cpu load in bios can range from 80-100% depending on the mobo, which surprised me (I thought the cpu would be sitting close to idle in Bios This is easily explainable. If you boot into DOS, you will also see the temperature rise. Why? Because back in the days that DOS and BIOSes were first written, overheating was not really a problem, so there was no ...


11

You're mixing two things up... x58 is a chipset used on the motherboards for i7 processors, x86 is the family of Intel processors that i7 is still a part of. To kind-of answer your question, i7 is still part of the natural progression of Intel processors, latest and greatest... and if you want to use it you will likely be using an x58-based motherboard to ...


11

File compression and CD ripping are probably being limited by your laptops IO subsystem. The usual benefit of a faster CPU is that you can do something else while it is ripping/compressing etc. If you usually wait for a single task to complete before starting the next task then you probably wasted your money buying more CPU than you actually need - at ...


10

Depending on the application, some applications are only coded to utilize 1 or 2 cores. In order for you to see a performance gain with a quad core processor, the application must be designed to support the extra cores. For example: http://www.legionhardware.com/articles_pages/starcraft_ii_wings_of_liberty_beta_performance,7.html


10

My guess would be that it is throttling down due to heat issues. Find an app that can report CPU temperature and see if the temperature rise correlates to a drop in CPU throughput.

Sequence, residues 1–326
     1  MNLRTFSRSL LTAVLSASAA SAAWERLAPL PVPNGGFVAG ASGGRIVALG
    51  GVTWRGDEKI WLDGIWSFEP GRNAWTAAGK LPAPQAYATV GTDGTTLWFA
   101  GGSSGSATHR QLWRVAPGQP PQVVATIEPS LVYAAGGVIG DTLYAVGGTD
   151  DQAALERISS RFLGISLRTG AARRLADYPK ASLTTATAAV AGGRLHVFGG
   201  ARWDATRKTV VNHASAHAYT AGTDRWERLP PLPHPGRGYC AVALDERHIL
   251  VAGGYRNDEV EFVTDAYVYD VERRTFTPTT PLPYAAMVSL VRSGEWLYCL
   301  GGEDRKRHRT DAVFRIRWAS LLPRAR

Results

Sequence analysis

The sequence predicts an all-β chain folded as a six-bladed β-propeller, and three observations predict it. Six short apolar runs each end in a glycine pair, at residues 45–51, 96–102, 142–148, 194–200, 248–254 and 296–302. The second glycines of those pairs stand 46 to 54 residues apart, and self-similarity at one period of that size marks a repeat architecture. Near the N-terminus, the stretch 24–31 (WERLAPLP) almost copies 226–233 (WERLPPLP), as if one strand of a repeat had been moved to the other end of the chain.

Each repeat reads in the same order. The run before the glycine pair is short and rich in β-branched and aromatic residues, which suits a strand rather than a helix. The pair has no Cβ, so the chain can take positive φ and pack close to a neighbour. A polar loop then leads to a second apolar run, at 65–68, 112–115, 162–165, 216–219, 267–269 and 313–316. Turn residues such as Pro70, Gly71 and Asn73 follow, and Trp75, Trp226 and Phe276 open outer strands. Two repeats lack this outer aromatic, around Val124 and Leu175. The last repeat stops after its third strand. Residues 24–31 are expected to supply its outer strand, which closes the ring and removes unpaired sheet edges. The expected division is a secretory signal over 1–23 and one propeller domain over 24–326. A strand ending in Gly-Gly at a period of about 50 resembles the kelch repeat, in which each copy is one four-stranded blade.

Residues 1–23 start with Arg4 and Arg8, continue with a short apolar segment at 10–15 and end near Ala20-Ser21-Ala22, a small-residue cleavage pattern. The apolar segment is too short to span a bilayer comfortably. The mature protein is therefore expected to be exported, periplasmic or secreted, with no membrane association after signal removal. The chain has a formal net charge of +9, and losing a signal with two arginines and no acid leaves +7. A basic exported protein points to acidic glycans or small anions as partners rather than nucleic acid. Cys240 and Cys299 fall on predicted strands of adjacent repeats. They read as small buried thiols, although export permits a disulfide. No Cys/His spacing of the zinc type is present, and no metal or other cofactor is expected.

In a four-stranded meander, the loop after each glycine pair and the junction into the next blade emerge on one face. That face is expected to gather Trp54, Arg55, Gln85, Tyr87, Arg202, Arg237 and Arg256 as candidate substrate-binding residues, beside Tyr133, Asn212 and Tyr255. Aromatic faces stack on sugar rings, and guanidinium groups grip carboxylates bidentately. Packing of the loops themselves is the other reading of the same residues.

10

At one point, at wholesale, memory makers were changing designs by the week (well, month, but it felt very quick!), so if you bought in bulk from a supplier, even buying smallish quantities such as 10 sticks, you could get three or four different designs - it was a nightmare as dual channel (back then) didn't always work as some designs were to different ...


9

This will vary from board to board, but there should be an explicit BIOS option for "Intel SpeedStep" or "EIST" that you can disable. EDIT: Also, I believe you have it backwards. SpeedStep is responsible for downthrottling, not upthrottling; you'll run at the base clockspeed if you turn it off. Turbo Boost is what upthrottles (but I believe SpeedStep does ...


8

You should be able to do that using the performance monitoring tool that comes with windows 7, which is a 'snap-in of your management console 3.0. I have windows 7 professional, i am not sure if its integrated in Home Edition. just hit your 'windows'-button and enter perfmon in the textfield (search programs/files). once that is open you can unfold ...


8

You might have to set the boot device, but generally no, you don't have to set anything up. I'd still open it up and LOOK at the settings, just to see what's available for changing later.


8

Many computers have BIOS options to disable cores. You can also disable hyper threading which is also disabling cores, though I doubt that would improve cooling much. A final thing that could be done is in Windows itself. Go to the Advanced Boot Options (msconfig > boot tab > Advanced options) and specify the number of cores you want to use. I ...


7